A scientific expedition exploring the submarine canyons near Australia's Ningaloo has found an estimated 150-foot, or about as tall as an 11-story building 'Siphonophore' which is likely to be the world’s longest animal ever recorded.

Siphonophores are marine organisms which are essentially gelatinous strings that can grow to 100 feet long. Essentially, Siphonophore is a floating colony of tiny individual zooids ( ~ an animal arising from another by budding or division) that clone themselves thousands of times into specialized bodies that string together to work as a team.

Interestingly, the giant organism was found by the flagship Remotely Operated Vehicle (RoV) robot of Schmidt Ocean Institute (SOI), a non-profit private foundation focused on oceanography, founded in March 2009 by Eric Schmidt and Wendy Schmidt. Eric Schmidt was the CEO of Google from 2001 to 2011, executive chairman of Google from 2011 to 2015, and executive chairman of Alphabet Inc, from 2015 to 2017.

The institute has shared a breathtaking video clip on Twitter which shows the Apolemia that is basically a type of Siphonophore.








Using the underwater robot (RoV), SuBastian, SOI's scientists for the first time are able to explore deep sea canyons and coral reefs around Australia that have never been seen before. The footage and samples collected from the oceans that surround Australia will have important implications for the sustainability and protection of these underwater ecosystems—and for similar habitats worldwide that are in peril because of rising ocean temperatures and other environmental threats.











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It is hard to explain this siphonophore from #DeepCoralAdventure livestream without sounding like we are describing a beast out of a science-fiction novel... There are over 180 known species of gelatinous strings called siphonophores, and some can grow to 130 feet (40 m), longer than a blue whale, which is usually considered Earth's largest animal (however, even the biggest siphonophore's body isn’t much bigger around than a broomstick). But instead of growing as a single body like virtually every other animal, tiny individual siphonophores (zooids) clone themselves 1000’s of times over into half a dozen different types of specialized bodies, all strung together to work as a team. In short, despite different functions, all the individuals in colony are genetically identical! - “In a way these specialized bodies function as organs,” said marine biologist Stefan Siebert of @brown_university, who studies these glorious creatures with the help of @mbari_news. “Some move the colony, some feed for the colony, some take care of reproduction.” Whereas creatures like you and me have over millennia evolved different parts of our bodies to work as organs, siphonophores have evolved individual bodies themselves into organs. It’s a bit like your liver up and declaring independence from the rest of you, even though it can't go anywhere. - No matter body plan or hunting strategy, siphonophores pose an interesting question: What exactly is individuality? “The whole thing looks like one animal, but it’s many thousands of individuals which form an entity on a higher level,” said Siebert. “So it's a really tricky question. And what's a colony? Humans are colonies—we are colonies of single cells.” Of course, ants and bees form colonies as well. But what siphonophores have been up to for all these millions of years is another thing entirely. They’re individuals within individuals. - (Thanks to Matthew Simon over at @wired for this great description - check out his article online, where much of this info is edited from) - A more friendly description by #ArtistAtSea @AngelaRosen.artist: Siphonophores are made up of many individual hydrozoans who agree to pass time together 👫👭👬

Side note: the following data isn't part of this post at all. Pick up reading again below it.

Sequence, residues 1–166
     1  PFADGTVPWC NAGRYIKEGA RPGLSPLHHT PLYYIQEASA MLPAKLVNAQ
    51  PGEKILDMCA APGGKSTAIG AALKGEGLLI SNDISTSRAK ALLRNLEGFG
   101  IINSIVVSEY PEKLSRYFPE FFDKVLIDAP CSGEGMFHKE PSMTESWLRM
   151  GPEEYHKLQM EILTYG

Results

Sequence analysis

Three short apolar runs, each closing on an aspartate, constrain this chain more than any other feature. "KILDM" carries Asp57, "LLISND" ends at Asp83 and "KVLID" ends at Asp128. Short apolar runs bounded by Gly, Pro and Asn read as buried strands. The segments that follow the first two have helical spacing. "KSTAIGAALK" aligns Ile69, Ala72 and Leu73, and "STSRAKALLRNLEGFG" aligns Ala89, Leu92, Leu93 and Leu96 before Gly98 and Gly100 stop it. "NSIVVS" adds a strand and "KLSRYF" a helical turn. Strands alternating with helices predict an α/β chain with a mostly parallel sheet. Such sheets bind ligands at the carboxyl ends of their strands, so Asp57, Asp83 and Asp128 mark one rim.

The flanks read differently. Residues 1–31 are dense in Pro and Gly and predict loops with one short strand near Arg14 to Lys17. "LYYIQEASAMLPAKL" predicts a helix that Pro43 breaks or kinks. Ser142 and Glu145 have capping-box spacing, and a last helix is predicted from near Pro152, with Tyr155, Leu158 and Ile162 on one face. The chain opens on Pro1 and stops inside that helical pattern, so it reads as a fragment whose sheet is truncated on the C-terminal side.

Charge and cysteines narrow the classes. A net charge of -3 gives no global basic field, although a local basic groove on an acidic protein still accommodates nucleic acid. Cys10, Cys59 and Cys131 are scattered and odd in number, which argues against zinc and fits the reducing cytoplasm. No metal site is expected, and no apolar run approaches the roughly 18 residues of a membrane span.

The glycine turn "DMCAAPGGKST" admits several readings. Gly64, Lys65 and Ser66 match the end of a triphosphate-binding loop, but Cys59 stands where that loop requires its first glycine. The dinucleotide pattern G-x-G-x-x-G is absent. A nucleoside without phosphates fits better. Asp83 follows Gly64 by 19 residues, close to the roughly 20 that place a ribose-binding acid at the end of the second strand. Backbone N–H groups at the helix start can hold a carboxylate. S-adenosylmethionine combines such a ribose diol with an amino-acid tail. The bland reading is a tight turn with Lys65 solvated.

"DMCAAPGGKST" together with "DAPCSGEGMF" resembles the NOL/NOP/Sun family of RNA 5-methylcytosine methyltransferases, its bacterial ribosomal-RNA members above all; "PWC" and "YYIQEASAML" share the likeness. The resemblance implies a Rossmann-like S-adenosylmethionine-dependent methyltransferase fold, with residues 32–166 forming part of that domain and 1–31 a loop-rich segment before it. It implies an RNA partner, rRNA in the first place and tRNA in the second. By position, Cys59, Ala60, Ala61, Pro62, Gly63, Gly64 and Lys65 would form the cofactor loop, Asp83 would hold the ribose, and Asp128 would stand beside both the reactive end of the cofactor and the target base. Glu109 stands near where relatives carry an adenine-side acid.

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Additionally, up to 30 new underwater species were made by researchers from the Western Australian Museum aboard Schmidt Ocean Institute's research vessel Falkor.

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